perspective "Mobile application stores--should they be controlled by handset manufacturers?"
This question was circulated among members of the Mobile Data Association (MDA) group on social networking site LinkedIn last month. It was clear from the responses that this is a key battleground for the many different players in the mobile ecosystem.
This includes handset vendors such as Nokia, Palm and Research In Motion; software platform vendors such as Microsoft and Symbian; mobile operators who have devices tailored or tuned to their specifications and networks; and a number of independent portals who offer applications across all networks and devices.
For hardware vendors, providing a shop window for products running on their platform has been a successful ploy in the IT industry. In the 1990s Sun Microsystems produced a catalog called Catalyst that listed the third-party applications that ran on its workstation platform. This was a success with the sales force due to its 'thud factor'--printed on paper, it peaked at more than 4cm thick.
It was only for window shopping, however, and relied on traditional channels for sales, as you could not actually buy these applications from Sun.
Today's round-the-clock online connectivity means mobile application shops enjoy distinct advantages when it comes to converting viewings into sales. No manufactured CDs to shrink wrap, stock or deliver--and immediate billing, either directly or through an electronic storefront provider.
The applications themselves also have the potential of becoming more and more interesting, thanks in part to widespread, fast mobile networks and affordable flat-rate data tariffs.
However, before they fulfill this potential, the market must overcome a number of challenges beyond the cost or time of download.
Different device types, operating systems and characteristics--as well as varied networks and operator-specific criteria--make it difficult for developers to hit the entire addressable market without a lot of effort put into porting from one platform to another.
Handset manufactures can of course play a positive role in making this easier for developers but all too often the temptation is to remain proprietary.
While Apple has undoubtedly successfully translated the 'buy a tune or video clip' model of iTunes into the mobile application domain, unfortunately for application developers the returns are also at a similar price point to music tracks--sub one dollar, euro or pound--making the development of more sophisticated applications difficult to fund.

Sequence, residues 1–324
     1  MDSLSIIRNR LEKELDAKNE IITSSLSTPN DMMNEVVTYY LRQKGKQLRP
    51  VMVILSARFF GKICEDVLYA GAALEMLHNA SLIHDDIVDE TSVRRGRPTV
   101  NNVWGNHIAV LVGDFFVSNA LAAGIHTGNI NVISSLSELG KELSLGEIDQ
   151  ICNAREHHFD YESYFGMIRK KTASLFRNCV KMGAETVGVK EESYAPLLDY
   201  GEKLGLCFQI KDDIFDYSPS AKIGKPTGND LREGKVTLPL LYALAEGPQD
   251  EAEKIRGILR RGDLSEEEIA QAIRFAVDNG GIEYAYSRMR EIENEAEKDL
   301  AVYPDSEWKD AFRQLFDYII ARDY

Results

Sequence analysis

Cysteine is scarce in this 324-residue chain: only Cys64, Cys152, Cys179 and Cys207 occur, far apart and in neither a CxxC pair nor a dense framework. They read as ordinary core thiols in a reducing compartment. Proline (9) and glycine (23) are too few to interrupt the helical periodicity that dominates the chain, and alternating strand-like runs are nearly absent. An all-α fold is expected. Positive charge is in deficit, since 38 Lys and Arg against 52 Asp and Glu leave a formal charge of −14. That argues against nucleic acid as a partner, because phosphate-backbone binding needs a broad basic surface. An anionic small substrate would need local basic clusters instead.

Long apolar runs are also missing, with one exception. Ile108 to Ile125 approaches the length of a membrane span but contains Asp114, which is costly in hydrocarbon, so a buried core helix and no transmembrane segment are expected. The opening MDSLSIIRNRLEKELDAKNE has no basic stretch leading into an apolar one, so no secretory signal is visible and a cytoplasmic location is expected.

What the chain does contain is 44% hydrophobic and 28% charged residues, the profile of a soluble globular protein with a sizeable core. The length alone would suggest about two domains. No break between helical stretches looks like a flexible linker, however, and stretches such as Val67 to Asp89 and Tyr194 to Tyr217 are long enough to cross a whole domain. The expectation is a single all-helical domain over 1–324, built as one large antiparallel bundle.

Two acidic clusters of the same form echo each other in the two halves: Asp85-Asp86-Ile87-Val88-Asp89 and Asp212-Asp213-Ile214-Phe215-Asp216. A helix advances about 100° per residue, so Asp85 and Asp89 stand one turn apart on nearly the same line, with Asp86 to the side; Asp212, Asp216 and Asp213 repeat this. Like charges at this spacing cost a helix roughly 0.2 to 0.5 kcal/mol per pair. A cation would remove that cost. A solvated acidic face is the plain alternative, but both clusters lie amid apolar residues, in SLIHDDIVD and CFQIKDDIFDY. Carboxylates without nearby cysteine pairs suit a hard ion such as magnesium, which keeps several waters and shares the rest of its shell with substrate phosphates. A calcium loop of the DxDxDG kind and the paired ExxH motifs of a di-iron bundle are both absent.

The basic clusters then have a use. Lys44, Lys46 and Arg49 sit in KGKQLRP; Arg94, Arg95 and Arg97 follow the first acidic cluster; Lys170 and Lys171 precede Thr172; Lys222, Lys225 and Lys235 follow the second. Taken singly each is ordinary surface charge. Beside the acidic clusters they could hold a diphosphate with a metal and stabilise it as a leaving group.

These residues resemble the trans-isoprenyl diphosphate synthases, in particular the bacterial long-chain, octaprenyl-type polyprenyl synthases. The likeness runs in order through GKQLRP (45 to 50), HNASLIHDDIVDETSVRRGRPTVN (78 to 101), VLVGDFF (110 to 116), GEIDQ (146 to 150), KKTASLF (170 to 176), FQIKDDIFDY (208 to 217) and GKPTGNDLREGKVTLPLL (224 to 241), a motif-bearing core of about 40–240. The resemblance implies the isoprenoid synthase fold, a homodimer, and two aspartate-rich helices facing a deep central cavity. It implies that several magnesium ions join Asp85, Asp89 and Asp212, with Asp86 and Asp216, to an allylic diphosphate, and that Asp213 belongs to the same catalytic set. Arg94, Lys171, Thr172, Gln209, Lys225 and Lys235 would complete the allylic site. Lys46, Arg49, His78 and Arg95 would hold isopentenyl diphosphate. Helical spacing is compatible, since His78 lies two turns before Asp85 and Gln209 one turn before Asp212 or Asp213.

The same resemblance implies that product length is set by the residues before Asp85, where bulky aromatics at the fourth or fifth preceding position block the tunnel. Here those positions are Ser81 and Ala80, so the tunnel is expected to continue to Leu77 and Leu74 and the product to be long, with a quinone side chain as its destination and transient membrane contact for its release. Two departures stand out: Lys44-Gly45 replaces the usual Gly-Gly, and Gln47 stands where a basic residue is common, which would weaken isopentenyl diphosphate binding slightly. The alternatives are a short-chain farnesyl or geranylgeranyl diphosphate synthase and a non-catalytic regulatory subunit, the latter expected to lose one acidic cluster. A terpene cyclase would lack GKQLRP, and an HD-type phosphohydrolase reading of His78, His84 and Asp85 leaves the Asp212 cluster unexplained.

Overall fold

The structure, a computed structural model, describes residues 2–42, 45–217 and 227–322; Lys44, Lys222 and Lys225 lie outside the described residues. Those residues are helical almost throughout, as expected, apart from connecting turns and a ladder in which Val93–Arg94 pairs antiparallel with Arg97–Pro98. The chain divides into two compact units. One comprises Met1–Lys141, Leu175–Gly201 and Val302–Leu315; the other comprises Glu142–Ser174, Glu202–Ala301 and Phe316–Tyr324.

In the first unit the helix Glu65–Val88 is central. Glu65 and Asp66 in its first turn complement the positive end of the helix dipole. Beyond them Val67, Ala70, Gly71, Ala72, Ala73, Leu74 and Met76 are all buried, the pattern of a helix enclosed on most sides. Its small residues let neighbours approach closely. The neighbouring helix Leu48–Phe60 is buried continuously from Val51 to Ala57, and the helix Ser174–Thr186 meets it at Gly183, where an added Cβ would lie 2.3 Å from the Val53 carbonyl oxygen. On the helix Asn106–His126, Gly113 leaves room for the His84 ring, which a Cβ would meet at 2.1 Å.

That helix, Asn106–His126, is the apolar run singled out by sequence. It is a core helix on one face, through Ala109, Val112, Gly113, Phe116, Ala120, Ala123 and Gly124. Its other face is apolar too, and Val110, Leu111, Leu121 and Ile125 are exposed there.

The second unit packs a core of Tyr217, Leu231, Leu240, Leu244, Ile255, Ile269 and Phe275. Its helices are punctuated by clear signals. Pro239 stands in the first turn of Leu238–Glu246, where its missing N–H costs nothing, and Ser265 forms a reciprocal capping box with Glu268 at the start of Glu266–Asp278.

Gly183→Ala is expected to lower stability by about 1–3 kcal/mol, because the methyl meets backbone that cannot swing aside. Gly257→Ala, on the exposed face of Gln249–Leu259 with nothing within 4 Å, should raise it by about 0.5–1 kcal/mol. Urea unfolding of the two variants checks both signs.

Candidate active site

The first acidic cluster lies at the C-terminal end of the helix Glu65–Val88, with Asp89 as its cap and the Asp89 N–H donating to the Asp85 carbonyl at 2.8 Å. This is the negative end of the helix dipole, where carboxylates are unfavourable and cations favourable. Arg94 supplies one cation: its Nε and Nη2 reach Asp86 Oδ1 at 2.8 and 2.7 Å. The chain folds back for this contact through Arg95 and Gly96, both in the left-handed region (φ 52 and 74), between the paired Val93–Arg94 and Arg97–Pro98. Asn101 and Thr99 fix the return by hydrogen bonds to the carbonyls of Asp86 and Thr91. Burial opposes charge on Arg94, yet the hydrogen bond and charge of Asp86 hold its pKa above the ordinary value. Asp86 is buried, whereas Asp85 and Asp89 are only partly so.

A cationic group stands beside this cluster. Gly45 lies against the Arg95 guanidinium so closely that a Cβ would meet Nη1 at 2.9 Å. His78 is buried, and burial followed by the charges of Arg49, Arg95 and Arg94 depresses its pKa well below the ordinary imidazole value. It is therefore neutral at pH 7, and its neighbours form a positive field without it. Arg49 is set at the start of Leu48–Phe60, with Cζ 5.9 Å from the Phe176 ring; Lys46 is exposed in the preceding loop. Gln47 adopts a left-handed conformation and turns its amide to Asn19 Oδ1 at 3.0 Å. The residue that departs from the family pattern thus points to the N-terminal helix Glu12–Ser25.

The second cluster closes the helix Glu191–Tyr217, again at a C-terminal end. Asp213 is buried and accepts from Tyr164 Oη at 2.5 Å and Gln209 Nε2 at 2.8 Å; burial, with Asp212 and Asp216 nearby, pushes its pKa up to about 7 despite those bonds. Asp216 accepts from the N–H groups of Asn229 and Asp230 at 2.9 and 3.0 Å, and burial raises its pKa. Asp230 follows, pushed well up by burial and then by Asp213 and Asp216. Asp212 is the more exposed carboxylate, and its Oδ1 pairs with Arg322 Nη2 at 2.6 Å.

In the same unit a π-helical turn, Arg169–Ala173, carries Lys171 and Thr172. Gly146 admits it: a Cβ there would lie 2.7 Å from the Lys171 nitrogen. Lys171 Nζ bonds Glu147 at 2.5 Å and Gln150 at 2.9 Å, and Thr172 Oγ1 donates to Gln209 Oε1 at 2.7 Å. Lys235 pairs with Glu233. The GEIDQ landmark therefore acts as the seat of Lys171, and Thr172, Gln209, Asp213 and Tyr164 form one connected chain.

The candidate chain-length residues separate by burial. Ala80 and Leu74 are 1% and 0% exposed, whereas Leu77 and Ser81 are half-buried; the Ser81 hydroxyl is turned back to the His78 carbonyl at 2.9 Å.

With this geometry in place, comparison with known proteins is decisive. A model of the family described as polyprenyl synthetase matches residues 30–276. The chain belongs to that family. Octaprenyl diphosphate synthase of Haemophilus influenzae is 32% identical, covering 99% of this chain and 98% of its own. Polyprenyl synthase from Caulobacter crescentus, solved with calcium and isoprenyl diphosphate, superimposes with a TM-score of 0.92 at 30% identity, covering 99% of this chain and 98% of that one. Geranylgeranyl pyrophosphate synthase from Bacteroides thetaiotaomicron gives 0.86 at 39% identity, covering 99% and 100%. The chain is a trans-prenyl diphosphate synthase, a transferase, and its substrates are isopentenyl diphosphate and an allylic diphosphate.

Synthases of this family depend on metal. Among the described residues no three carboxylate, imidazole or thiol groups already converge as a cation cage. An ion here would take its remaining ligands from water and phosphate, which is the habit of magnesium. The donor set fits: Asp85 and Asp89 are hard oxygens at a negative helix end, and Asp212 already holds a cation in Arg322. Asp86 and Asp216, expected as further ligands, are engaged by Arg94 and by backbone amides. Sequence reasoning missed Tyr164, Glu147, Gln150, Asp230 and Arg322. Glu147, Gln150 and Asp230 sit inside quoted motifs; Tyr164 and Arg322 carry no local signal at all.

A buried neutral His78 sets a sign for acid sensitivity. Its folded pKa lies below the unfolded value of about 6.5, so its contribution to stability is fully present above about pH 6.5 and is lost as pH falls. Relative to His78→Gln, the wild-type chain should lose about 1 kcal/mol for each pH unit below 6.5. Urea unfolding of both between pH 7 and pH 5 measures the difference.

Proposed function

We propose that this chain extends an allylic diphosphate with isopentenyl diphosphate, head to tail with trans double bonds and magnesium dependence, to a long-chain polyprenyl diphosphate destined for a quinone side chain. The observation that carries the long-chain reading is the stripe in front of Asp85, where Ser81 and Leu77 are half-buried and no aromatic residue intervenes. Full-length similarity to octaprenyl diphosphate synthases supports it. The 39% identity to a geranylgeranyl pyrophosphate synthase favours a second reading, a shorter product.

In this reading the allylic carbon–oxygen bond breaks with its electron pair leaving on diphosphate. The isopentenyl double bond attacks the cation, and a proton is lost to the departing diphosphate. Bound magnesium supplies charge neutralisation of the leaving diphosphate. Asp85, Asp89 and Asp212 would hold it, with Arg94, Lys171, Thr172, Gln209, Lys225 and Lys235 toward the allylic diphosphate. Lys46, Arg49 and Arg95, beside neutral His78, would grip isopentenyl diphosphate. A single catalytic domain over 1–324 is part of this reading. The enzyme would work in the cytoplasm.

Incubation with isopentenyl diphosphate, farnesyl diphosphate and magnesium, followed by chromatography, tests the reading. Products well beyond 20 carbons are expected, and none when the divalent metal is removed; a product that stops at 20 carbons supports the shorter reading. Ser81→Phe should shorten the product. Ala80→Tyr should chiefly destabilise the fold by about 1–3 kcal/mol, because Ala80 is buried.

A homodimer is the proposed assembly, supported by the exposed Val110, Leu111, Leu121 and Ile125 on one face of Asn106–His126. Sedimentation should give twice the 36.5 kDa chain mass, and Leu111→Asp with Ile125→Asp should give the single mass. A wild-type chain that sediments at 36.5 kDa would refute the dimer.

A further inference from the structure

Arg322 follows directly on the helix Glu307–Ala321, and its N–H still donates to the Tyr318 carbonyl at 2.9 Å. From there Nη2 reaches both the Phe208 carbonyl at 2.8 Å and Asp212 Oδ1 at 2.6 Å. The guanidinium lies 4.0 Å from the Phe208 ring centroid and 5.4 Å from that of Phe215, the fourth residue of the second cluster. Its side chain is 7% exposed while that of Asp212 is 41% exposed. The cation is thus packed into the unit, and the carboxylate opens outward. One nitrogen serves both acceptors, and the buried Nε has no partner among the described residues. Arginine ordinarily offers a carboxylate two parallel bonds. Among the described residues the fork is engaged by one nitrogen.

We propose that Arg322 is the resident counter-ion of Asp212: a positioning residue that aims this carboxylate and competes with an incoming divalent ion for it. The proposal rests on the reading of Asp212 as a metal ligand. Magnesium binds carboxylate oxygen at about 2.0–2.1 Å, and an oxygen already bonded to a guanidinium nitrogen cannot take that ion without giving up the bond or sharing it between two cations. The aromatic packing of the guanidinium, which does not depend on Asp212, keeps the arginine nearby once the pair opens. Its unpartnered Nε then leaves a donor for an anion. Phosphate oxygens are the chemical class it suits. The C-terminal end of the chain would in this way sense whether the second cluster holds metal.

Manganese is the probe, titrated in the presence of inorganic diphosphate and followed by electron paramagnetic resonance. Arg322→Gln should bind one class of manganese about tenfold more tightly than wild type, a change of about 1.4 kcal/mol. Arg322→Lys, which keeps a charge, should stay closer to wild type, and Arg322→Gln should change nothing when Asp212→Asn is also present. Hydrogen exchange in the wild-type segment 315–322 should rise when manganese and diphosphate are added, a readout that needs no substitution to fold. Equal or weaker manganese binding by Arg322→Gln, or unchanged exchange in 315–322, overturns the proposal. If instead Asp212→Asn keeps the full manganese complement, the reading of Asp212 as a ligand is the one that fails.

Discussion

The result: the mobile application market is a numbers game in which everyone strives for volume. Application stores are popping up from mobile operating system vendors and operators as each clambers to follow Apple's lead to attract as many developers and applications as possible.
The problem, as anyone visiting the Apple App Store quickly realizes, is: how do you find anything really good?
Money can be spent on marketing, promotion and site design but that's usually only for the established players and not the innovative upstarts who might offer something really special. Of course there are recommendation engines, user voting and following the wisdom of the masses. But doesn't that ultimately mean the bland leading the bland and the loss of the long tail of variety?
On its own, yes, and one impact is that sophisticated, valuable and expensive to develop applications will be avoided--both by potential purchasers and developers who will see more benefit in developing 'iTat' instead of powerful or more involved applications.
More discrimination and discernment is required and this is where application stores can add value. Some could be mass market mobile supermarkets with bundled special offers and deals, packaged by the aggregator or carrier, while others could focus on market sectors and offer knowledge and advice like any specialist shopkeeper.
There is also the opportunity for handset companies to validate developers and run programs to encourage them in the same way the major IT platform companies have done in the past.
So who really is best placed to benefit from mobile applications growth?
Handset and open platform suppliers have the most to gain from swelling the ranks of developers on their platform, but the financial return for the application developer depends on volume, margin and cost.
It's all to play for, but for someone to be successful they have to grow the developer community and increase their rewards--Sun's Catalyst was aptly named.
Rob Bamforth is principal analyst at Quocirca. He and five other analysts contribute to ZDNet Asia's sister site, Silicon.com, a regular column that seeks to demystify the latest jargon and business thinking.